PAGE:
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How do you describe Quicksilver?

Acting without doing SOUNDS good, but... (Ask MetaFilter)

I really liked this AskMe question about Quicksilver, since it's one that comes up a lot for folks who don't get as enthused about the app as I (and many of you) do:

Everywhere I go on the internet, Mac users rave about Quicksilver. I've downloaded it a couple times, and I sort of get that it COULD be really useful, but I am not sure how...

So what am I missing with Quicksilver? I see so many other people who get a lot of use out of it, and I am sure I can fit it in somewhere, too, but I just can't seem to figure it out....

Here's a portion of how I responded in comments:

Quicksilver provides access to almost any kind of stuff in your Mac's and your world -- contact information, bookmarks, files, Applications, system settings, and pretty much anything else -- and it lets you leap to any of these things by typing a few letters of the name (NB: Spotlight is more about contents and QS is more about names; they're complementary, not competing). So, that's the neato, Day 0 stuff.

But the big sexy comes with how QS understands the potential verbal relationships between any of those objects, then gives you a single keyboard interface for making amazing things happen...

I'll admit that it always makes me realize what a fanboy I am whenever I try to explain Quicksilver, but, truthfully, it is kind of challenging.

How do you describe Quicksilver to folks who don’t get all the fuss? How do you relate the sexiness?

hmelman's picture

In Two Paragraphs

Well so far it's taken me 120 pages to describe Quicksilver :) It's hard to do in a sentence but it is possible in two paragraphs. It gives you quick access to things on your mac; not just things you see in the Finder like files and applications but often the next level down such as songs, artists, playlists in iTunes and contacts, email addresses, phone numbers in Address Book, and bookmarks in your browser and albums in iPhoto, etc. And unlike other launchers you can do more than just open things. There are verbs to choose like Email To..., Search For..., Lookup in Dictionary, Move to..., Scale Image..., etc. These combine in a lot of interesting ways and you can bind keystrokes to whole or partial commands (kinda like macros). I often highlight an address in a web page or a document and type a keystroke to have a google map appear. And it's pretty and there's utility to it. If I type "John" I see a picture to indicate to me that I have the right John and if not I keep typing a little bit until I do.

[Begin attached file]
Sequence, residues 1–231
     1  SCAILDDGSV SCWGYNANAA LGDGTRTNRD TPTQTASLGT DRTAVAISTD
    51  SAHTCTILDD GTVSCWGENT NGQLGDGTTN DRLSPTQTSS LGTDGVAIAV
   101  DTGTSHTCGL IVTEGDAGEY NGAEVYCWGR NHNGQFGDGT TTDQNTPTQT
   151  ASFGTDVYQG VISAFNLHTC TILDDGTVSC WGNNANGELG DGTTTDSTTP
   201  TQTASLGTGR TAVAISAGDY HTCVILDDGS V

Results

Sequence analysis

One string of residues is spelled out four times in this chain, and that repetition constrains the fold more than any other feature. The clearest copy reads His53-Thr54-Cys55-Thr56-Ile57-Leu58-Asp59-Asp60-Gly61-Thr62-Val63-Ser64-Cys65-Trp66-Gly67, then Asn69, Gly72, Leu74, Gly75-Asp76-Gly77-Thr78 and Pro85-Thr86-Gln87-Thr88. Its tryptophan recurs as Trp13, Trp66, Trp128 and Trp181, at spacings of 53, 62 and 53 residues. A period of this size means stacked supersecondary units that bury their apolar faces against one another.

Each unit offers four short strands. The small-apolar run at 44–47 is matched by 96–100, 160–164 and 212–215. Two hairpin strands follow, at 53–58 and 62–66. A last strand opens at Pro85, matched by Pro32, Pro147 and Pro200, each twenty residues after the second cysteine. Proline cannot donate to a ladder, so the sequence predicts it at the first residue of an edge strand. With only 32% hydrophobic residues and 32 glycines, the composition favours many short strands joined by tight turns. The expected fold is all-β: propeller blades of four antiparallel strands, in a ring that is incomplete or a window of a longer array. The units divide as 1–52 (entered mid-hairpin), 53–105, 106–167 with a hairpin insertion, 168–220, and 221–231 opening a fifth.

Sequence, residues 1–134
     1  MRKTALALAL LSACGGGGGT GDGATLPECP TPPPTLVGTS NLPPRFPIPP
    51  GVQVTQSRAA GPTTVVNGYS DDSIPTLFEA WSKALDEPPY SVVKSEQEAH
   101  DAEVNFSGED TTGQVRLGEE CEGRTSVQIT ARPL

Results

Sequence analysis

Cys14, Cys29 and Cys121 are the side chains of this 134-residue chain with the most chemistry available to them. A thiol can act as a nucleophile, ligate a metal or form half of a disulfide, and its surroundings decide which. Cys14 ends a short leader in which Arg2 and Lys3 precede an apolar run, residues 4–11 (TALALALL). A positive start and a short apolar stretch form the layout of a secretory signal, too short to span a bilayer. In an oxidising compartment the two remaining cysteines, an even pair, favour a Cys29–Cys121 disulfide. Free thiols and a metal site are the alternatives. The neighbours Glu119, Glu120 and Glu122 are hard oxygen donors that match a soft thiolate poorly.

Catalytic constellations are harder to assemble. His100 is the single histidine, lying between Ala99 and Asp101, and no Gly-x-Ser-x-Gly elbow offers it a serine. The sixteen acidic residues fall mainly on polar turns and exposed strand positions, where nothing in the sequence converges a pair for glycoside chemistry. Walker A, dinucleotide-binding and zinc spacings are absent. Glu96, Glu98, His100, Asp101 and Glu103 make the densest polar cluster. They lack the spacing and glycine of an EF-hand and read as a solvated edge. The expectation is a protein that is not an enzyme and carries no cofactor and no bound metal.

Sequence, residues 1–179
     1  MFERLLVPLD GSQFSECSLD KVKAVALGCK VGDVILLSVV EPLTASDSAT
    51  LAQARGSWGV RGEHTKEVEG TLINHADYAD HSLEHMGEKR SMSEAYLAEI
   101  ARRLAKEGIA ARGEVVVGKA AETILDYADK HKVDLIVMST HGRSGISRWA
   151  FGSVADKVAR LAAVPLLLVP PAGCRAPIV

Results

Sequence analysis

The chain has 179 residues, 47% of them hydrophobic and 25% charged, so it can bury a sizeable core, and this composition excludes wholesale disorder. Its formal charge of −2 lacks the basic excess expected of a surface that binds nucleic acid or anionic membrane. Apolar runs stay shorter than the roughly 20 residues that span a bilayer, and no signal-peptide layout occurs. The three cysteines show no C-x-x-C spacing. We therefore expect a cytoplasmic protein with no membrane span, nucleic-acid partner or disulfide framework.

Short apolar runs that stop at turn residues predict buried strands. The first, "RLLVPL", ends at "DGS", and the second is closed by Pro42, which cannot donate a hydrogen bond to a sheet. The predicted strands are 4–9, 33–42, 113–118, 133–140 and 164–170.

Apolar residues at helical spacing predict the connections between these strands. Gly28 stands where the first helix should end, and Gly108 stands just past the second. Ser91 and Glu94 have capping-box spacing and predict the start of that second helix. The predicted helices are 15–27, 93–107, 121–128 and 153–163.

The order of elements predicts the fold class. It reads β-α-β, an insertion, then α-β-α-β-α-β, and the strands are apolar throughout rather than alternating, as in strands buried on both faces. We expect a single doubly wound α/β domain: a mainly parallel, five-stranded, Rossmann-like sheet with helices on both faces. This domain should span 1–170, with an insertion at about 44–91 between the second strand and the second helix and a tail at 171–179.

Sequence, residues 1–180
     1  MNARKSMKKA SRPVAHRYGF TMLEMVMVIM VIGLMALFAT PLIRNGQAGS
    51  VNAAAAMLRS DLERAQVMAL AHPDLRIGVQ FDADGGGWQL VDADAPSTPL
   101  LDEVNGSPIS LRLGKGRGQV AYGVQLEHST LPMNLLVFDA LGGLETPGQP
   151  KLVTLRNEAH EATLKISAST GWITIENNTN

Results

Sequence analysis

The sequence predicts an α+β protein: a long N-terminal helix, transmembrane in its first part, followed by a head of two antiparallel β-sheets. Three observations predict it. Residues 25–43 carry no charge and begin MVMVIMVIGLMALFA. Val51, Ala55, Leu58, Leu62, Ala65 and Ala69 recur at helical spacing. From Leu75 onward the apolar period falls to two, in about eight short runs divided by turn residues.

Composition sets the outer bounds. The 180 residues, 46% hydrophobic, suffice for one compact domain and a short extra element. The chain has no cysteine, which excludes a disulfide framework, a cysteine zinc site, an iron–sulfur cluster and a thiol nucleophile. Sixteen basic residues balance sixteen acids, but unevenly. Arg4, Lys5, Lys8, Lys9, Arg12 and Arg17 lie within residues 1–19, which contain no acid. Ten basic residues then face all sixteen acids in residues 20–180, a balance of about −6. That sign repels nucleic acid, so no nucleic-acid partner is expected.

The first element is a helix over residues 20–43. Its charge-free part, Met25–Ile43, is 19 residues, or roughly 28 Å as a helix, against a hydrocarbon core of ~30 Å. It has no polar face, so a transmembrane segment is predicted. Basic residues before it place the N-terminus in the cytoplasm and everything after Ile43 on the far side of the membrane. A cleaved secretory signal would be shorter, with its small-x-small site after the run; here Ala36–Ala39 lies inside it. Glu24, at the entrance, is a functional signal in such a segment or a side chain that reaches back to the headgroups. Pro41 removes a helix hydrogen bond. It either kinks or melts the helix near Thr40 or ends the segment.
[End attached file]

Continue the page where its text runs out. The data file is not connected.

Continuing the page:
But it really took a week's worth of using Quicksilver for me to get it. It's become the user interface for virtually everything I want to start (or often do) on my mac. There's something intangible and wonderful about that. Common look and feel takes on a whole new meaning. Command line people understand it, but for many tasks that use another application other than Terminal (look up something on a particular web site, control iTunes, email a file to someone, etc.) I find Quicksilver faster. Partially because it learns what you do and recognizes that faster, and partially because it's easy to add to configuration for keystrokes and mouse gestures to get to frequent commands. It's always there when you need it, just at your fingertips. When I'm on a different machine I'm very frustrated at how slow doing things the "normal" way is. This is why people say you just have to use it to understand.

My favorite demo of QS's power is this screencast of taking a screenshot, scaling it and posting it to Flickr. This is one of the more extreme uses but it gets the point across.




An Oblique Strategy:
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